The complex nature of the African swine fever virus (ASF) has left the pork industry dealing with numerous unknowns, and it could be years before researchers are able to answer all their questions, USDA Undersecretary Greg Ibach told U.S. lawmakers earlier this week.
Members of the House Subcommittee on Livestock and Foreign Agriculture met Tuesday to question Ibach, who oversees marketing and regulatory programs at the U.S. Department of Agriculture, about his agency's response to global animal disease outbreaks, including ASF, and its use of money appropriated in the 2018 farm bill for animal disease preparedness. Although the agency’s research funding is sufficient, Ibach said, a viable vaccine for ASF is still eight years out, and it could take years to answer key questions about how the virus spreads.
“There is a lot of research being done on all kinds of fronts,” he said. “ASF has proven to be a tough disease to find a cure for or a vaccine, and to even understand completely how we can decontaminate or disinfect a premise once it becomes present in that building or facility. On the vaccine side of things, we still believe we may be as long as eight years from finding a vaccine that’s effective.”
Burk Healey, associate deputy administrator of veterinary services and animal and plant health inspection services for the USDA, further testified that finding either a vaccine or cure for ASF has proven difficult because there are 20 different strains of the virus.
Ibach touted the USDA-led measures to increase biosecurity at U.S. borders, including increased inspections and the introduction of 60 new canine teams trained to detect smuggled goods. The USDA is currently selecting dogs to be trained under the program, and he estimated that the first of the new teams will be deployed next year.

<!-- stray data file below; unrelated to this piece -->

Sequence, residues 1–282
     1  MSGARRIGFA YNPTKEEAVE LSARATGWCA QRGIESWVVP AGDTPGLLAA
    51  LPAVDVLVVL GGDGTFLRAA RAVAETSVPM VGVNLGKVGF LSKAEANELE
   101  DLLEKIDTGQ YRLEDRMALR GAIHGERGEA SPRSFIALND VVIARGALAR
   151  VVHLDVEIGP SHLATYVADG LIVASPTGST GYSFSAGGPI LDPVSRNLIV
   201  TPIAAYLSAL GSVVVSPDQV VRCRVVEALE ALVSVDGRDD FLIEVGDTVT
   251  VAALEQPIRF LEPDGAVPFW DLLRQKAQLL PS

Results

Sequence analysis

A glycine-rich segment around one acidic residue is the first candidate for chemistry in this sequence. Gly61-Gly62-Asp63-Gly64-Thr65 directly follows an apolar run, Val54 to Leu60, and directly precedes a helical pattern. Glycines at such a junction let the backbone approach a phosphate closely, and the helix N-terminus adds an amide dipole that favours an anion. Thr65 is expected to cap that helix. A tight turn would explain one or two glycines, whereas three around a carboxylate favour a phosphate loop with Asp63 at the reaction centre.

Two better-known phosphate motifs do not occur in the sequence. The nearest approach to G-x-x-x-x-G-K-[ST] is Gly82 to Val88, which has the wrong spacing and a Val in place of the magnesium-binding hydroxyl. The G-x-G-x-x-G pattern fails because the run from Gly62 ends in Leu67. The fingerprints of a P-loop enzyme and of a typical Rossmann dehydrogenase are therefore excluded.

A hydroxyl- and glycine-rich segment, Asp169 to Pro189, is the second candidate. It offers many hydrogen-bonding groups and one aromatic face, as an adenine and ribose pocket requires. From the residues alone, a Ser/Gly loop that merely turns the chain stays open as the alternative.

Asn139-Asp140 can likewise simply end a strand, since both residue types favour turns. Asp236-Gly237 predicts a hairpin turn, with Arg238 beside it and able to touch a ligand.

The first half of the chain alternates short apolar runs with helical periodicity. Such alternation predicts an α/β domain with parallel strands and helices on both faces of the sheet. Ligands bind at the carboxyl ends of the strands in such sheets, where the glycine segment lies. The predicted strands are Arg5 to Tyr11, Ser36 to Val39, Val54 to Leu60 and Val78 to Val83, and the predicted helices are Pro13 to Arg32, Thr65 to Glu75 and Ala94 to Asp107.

USDA has also worked with international partners to monitor the spread of ASF, and to develop cooperative plans to contain the spread of the disease, Ibach said. The agency has worked with trade partners to establish regionalization agreements — policies that would limit bans on US-produced products to a particular county or state in the event ASF is detected in America. They have also offered veterinary experts to aid China in controlling the disease, Ibach said, but “China has not accepted their assistance.”
USDA has, Ibach said, made progress toward establishing a partnership with Vietnam that would allow the agency to field-test diagnostic protocol in that country.
“We are reaching out and trying to learn what’s going on in China and Vietnam,” he said, “and have had varying levels of success.”
However, chairman Jim Costa, D-California, and other members of the subcommittee chastised Ibach for the USDA’s slow implementation of disease prevention programs funded by the 2018 Farm Bill, and repeatedly grilled Ibach on whether USDA needed more funding for ASF research and prevention. Several pointed to announcements in recent weeks that firms in China and the European Union have begun work on developing hogs that would be genetically resistant to ASF. They were particularly critical of the USDA’s requested budget for the National Animal Health Laboratory Network, which is lower than the amount appropriated last year.
“Do you need any more? Do you have adequate research dollars to put toward ASF?” Rep. Don Bacon, R-Nebraska, asked. “Is there anything more we can give you, tools Congress can help with?”
USDA is “constantly working to identify priorities and shift research dollars,” Ibach said. “Obviously there is never enough money to fund all the research, but we find that balance.”
“Is there a higher priority than ASF?” Bacon replied.
View our continuing coverage of the African swine fever outbreak.